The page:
Of course, some of us will continue to argue that death is an unacceptable sentence for shoplifting blunt papers. Many of us will argue that a human being is more valuable than a television. We will make the audacious claim that visibility is a human right, conditioned on not a single law of man or nation.

People will be angry. Many of those people have more guns and more right to use them on us than we will ever have. But when they have to pull them out, they have to admit that we’re visible.

That strikes me as a type of reason to riot.

15 thoughts on “Riots and Reason

  1. Winners are mad when winning lights the shadows.

    A beautiful and clear articulation of this hypocrisy about acceptable versus unacceptable violence I have been trying to put my finger on. Thanks for breaking it down tressie. Now, the next point: the ‘stuff’ we white middle class people are allowed to accumulate and kill to protect is just enough to keep us opted into the system and off the streets. In a way, we (stuff havers) have all been made into cops policing the system in order to ensure the ruling class maintain the true hold and control over 90% of the resources. People have been holding signs saying ‘l am Mike Brown’. Most of us should be holding signs that say ‘I am Officer Wilson’. By our self-segregation & opting out of direct action & our opting in to the rituals of individualistic accumulation, we are preserving the status quo. We have to change the system. Thanks for all the work you do. It is making a difference.

  2. The policeman made a statement and the forensic evidence supported it. Now, you can call him a liar, you can call the grand jury liars, and that would explain why people think there was no justice. From all I have read, the witnesses who said Mike Brown was murdered all have different stories, while the policemen and the evidence tell the same story. Again, you can say that they are all lying, I guess, but I wonder if there is a deeper cultural force at work.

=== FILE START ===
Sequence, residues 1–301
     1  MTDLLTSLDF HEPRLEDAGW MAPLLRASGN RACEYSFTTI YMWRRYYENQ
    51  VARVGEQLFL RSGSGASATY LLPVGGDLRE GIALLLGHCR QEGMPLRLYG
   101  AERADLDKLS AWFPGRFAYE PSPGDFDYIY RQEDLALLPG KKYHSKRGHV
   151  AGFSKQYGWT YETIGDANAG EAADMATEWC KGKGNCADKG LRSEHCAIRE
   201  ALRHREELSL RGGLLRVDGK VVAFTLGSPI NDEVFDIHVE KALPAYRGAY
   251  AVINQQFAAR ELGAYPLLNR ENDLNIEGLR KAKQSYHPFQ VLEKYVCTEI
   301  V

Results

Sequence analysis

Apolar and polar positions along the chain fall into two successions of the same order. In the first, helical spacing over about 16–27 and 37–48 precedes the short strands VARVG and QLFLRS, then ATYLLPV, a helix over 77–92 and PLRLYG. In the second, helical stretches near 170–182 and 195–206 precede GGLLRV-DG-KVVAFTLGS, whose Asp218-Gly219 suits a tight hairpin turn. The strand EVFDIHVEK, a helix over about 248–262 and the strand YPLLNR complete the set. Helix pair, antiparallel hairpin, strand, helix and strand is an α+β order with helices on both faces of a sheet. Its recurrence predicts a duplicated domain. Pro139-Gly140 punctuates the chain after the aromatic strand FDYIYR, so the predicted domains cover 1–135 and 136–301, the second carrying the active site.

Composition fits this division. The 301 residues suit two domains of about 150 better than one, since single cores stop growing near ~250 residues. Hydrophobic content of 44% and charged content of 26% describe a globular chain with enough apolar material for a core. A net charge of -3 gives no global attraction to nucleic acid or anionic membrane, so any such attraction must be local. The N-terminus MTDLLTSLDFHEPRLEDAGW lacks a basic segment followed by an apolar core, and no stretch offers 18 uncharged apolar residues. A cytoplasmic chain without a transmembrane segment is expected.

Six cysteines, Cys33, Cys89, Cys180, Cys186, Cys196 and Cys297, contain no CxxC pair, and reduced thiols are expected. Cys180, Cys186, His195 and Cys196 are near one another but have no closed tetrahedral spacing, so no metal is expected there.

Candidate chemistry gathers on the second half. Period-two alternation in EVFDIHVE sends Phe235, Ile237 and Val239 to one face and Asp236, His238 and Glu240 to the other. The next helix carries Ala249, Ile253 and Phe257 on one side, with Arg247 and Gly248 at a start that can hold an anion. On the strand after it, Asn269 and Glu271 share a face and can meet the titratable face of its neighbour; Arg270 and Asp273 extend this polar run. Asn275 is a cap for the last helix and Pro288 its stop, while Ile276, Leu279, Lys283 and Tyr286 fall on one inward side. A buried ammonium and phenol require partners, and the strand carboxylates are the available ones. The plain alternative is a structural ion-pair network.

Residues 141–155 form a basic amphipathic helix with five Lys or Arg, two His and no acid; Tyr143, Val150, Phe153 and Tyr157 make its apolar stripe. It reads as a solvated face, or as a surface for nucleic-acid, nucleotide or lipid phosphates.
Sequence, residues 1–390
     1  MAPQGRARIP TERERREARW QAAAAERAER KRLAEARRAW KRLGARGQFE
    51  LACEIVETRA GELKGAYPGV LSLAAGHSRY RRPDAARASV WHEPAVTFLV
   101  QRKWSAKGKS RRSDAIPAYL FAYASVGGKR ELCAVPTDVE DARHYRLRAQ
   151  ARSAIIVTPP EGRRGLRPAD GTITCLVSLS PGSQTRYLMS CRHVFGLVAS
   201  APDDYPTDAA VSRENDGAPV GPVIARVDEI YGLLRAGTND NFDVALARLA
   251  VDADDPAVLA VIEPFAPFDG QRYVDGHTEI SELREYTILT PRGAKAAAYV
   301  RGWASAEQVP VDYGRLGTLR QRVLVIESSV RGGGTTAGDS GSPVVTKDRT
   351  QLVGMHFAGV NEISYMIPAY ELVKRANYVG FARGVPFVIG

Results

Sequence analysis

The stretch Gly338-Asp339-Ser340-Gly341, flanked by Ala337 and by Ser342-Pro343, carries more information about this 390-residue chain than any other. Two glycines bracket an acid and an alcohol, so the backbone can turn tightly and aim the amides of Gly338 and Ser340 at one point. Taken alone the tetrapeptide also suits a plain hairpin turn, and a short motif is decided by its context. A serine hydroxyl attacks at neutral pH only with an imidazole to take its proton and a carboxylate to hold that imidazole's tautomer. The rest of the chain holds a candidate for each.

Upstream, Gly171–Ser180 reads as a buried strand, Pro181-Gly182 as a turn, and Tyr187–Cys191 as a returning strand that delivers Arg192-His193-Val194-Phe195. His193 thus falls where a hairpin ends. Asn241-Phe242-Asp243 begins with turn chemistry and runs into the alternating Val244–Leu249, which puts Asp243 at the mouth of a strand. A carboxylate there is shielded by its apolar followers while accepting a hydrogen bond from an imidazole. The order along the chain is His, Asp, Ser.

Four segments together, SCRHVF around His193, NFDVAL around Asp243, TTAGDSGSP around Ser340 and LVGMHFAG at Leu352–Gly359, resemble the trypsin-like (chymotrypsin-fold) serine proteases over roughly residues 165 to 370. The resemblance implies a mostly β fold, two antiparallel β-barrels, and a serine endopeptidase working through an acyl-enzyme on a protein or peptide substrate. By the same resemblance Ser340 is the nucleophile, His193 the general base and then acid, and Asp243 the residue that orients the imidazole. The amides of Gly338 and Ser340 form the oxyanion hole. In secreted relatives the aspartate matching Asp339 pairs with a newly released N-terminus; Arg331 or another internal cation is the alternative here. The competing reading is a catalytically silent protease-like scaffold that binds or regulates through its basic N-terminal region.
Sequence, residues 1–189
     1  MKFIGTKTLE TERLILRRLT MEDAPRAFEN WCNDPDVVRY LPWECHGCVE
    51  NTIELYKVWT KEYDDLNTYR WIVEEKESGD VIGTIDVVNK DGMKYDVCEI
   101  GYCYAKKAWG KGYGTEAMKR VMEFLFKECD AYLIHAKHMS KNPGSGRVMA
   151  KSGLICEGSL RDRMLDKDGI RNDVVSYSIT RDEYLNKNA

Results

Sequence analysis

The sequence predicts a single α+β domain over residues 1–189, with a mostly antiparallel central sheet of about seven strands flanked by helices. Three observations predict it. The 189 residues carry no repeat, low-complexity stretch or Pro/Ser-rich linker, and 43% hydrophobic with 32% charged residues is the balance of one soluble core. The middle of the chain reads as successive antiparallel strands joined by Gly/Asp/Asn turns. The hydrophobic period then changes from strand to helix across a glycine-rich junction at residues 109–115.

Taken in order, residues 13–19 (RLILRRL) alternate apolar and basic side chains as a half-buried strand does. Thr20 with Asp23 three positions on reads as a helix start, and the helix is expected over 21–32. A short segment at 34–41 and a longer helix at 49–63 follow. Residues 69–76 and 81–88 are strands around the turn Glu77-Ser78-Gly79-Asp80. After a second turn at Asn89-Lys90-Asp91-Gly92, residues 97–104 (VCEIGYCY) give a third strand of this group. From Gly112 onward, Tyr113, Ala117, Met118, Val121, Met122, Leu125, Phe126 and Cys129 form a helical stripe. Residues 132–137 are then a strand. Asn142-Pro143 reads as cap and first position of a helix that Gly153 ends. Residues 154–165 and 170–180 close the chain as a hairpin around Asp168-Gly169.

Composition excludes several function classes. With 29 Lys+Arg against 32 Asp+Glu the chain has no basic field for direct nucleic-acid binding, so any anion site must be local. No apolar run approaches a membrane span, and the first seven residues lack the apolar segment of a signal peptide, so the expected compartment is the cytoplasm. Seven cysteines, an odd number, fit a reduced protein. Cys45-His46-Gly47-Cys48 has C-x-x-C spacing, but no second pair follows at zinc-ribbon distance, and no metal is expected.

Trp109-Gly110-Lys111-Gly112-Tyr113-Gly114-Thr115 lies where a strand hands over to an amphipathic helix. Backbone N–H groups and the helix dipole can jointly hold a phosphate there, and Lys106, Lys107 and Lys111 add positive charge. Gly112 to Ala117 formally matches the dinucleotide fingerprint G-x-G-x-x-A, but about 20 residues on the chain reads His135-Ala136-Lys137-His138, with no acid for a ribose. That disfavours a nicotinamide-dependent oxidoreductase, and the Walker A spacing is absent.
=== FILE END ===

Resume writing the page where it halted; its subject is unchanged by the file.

I teach in an inner-city middle school in Los Angeles. We have a mostly Hispanic population, but we also have a substantial minority of black students bused from South Central. Our school is a performing arts magnet, and it is sought after by students around the city.

    What I have noticed on several occasions, is that when one of my black students gets out of line, as middle-schoolers will do, I correct them just like everyone else. What is different, is that I am called a racist, immediately, without evidence. My record would show that this not remotely possible, but the black students make that their first line of defense. What I find sad, is that this is a learned behavior. Who taught them this? I don’t really know.

    I have a feeling that the real protesters in Ferguson are horrified by the violence, the looting, the destruction, the injuries. But I also have a feeling that the people who rioted would have done it no matter what the grand jury pronounced. We need to make a distinction between legitimate protest and lawless thugs having a good time. They are not the same, and guns will only make it worse.

    1. “We” need to make a distinction between “legitimate protest” and “lawless thugs” is rather the point. That is, there is no “we” making that distinction but only “you” who is never inclusive of me. And, legitimacy and lawlessness is socially-contingent, purposefully ill-defined and always a red herring in that it is a false dichotomy of actual politics and power. In actuality, protest is always lawless. If it’s not, then it’s not much of a protest.